The Peculiar Sonic Possibilities of a Strange Japanese Toy Instrument

+ Ryan Lott (of Son Lux) teaches how to build custom virtual instruments for sound design and scoring in Designing Sample-Based Instruments.

By Aaron Martin

What do you do when a bizarre, smiling toy instrument from Japan shows up on your doorstep? Figure out how to make music with it! 

I received a cryptic text message in February from a friend letting me know that a birthday present would be showing up in March. I had no idea what to expect… until a package from Japan arrived.


The gift was an amusing toy instrument called an Otamatone. It looks like an over-sized, anthropomorphic music note. Oh and please, take a second to visit the company’s website. It’s as kitschy and ridiculous as you might hope for something like this. The company sells “fashion accessories” to dress up your Omatone, and a banner advertisement at the top of their home page reads, “BUY OTAMATONE — cool electronic music instrument — squeeze the head!

double photo spread

The stem acts as the fingerboard and the notehead generates sound. I generally enjoy incorporating many kinds of sound elements into my music, so I was intrigued to see if the instrument had the potential to be useful to me beyond the novelty of its appearance. 

Often when I’m trying to figure out if I can make a new instrument work with my music, I’ll attempt to create a piece with only that new element, even if I wouldn’t then use it by itself in future tracks. Doing so helps me to gauge the instrument’s strengths and weaknesses, and serves as a crash course in learning to play a new device.

So, that’s what I set out to do with the Otamatone, which resulted in a droning, echoing piece called “Clasping.”

+ Read more on Flypaper: “What the Heck is a Shakuhachi?”

The Otamatone has two volume settings. For recording, I used the louder setting. It also has three pitch ranges: “Low,” “Mid,” and “Hi.”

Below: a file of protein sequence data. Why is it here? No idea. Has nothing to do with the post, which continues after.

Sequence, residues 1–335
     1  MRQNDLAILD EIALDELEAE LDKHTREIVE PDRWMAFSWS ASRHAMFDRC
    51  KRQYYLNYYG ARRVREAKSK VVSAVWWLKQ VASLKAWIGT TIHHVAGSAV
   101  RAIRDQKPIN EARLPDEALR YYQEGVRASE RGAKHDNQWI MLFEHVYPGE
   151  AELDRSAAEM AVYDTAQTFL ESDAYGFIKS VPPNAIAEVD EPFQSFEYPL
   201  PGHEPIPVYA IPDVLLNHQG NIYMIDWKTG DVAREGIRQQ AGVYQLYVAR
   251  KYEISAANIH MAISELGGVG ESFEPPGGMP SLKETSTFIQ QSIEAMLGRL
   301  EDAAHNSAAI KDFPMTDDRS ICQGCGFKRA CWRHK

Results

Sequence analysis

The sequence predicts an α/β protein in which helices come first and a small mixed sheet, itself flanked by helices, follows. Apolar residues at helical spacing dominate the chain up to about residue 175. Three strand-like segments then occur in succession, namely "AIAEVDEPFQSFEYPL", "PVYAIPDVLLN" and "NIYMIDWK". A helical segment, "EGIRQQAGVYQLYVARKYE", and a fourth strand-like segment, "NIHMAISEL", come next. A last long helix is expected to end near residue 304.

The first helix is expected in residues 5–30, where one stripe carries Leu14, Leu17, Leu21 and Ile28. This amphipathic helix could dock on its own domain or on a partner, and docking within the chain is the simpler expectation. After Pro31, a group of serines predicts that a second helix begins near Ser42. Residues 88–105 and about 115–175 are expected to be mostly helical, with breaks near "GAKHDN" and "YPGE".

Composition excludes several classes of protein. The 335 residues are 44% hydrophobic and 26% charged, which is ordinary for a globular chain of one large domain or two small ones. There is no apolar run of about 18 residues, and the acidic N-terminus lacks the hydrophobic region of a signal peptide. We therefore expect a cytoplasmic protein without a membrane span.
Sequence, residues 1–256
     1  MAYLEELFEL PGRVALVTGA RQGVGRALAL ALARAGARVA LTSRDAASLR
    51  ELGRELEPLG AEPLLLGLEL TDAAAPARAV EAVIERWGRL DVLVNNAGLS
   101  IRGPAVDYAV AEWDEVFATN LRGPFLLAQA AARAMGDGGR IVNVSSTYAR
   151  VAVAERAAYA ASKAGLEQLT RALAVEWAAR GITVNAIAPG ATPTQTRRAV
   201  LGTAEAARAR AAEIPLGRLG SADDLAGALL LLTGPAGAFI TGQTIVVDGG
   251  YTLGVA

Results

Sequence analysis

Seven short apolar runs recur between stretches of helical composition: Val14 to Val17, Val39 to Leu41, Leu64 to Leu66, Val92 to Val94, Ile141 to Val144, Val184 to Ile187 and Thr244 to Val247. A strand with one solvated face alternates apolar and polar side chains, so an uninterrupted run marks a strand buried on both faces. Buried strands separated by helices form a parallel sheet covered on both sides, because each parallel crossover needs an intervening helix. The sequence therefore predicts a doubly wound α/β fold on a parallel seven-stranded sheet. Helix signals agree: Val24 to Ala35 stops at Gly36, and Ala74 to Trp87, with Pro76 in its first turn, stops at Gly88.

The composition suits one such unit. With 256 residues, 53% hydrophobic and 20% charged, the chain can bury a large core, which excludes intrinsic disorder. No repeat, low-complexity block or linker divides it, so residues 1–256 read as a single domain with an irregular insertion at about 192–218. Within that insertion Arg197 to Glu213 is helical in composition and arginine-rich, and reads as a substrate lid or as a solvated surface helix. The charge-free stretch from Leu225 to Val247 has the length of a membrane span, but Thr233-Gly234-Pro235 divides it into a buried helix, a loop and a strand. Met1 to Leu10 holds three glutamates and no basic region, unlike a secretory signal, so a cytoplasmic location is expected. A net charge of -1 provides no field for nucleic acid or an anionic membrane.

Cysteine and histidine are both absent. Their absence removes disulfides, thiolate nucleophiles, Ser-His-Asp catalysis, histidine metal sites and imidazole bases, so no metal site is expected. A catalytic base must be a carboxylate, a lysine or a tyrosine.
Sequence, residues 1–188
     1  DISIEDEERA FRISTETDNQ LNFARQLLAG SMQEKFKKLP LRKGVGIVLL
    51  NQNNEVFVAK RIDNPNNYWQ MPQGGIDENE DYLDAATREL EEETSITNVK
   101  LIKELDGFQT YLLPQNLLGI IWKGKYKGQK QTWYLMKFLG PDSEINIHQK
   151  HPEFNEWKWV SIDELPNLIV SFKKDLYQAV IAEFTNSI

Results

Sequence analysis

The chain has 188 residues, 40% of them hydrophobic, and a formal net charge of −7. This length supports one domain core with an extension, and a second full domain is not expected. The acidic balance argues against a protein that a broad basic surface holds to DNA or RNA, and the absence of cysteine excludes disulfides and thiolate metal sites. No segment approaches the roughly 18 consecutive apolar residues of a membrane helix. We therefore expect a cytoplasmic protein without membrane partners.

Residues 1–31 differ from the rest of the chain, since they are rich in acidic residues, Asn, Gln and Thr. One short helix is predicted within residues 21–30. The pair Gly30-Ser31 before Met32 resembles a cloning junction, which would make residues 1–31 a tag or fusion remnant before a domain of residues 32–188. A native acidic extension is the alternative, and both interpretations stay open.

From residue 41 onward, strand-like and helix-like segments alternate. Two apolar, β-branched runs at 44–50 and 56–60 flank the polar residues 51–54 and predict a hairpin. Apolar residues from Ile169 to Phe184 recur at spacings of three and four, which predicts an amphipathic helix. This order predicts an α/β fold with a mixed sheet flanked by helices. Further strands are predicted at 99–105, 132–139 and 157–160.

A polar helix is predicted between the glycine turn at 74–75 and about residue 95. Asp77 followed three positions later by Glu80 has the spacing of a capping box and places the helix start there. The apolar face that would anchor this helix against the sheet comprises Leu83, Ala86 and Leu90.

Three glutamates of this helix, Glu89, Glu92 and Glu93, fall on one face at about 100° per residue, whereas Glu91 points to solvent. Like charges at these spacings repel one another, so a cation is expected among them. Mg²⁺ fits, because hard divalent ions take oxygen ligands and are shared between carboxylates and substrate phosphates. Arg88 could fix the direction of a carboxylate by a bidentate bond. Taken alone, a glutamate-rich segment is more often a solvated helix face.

I found the Low setting most useful for drones (the Otamatone’s “mouth” can be squeezed to create a pulsing effect). The Mid setting seems to be the most functional. It can be used for drones, ostinati, or melodies. The Hi setting is good for melodies and long sustained notes with vibrato.


I was able to layer two tracks of each for “Clasping” but any more than that started to sound garbled. It turned out you can have too much of a weird thing.

I’m a cellist, and this might sound crazy, but learning to play the Otamatone, I was surprised to find some similarities with the cello! It has a neck with no frets that is activated when a finger moves across it. This allows for the same freedom of adjusting pitch that I have with cello, although it takes much more work to achieve pitch stability.

It was also a surprising realization that I can effectively employ vibrato.

Although I can’t imagine that I will be recording any more Otamatone-only pieces anytime soon, I did find the toy far more useful than I had originally expected. I hope to use each of the pitch settings to fill out arrangements and may even start to add it to my live instrumentation.

So next time you come across an odd, anthropomorphic, foreign electronic toy entreating you to squeeze its head… pull out your recording gear and see what you can make with it!

Don’t stop here!

Continue learning with hundreds of lessons on songwriting, mixing, recording and production, composing, beat making, and more on Soundfly, with artist-led courses by KimbraCom TruiseJlinRyan Lott, and the acclaimed Kiefer: Keys, Chords, & Beats.

Aaron Martin is a cellist and multi-instrumental composer based in Topeka, KS. He has collaborated with artists such as Machinefabriek, Dag Rosenqvist, and Christoph Berg among others, and has released albums on labels such as Preservation (AUS), Eilean Records (FR), Type (US), Dronarivm (RUS), Facture (UK), and Under The Spire (UK).

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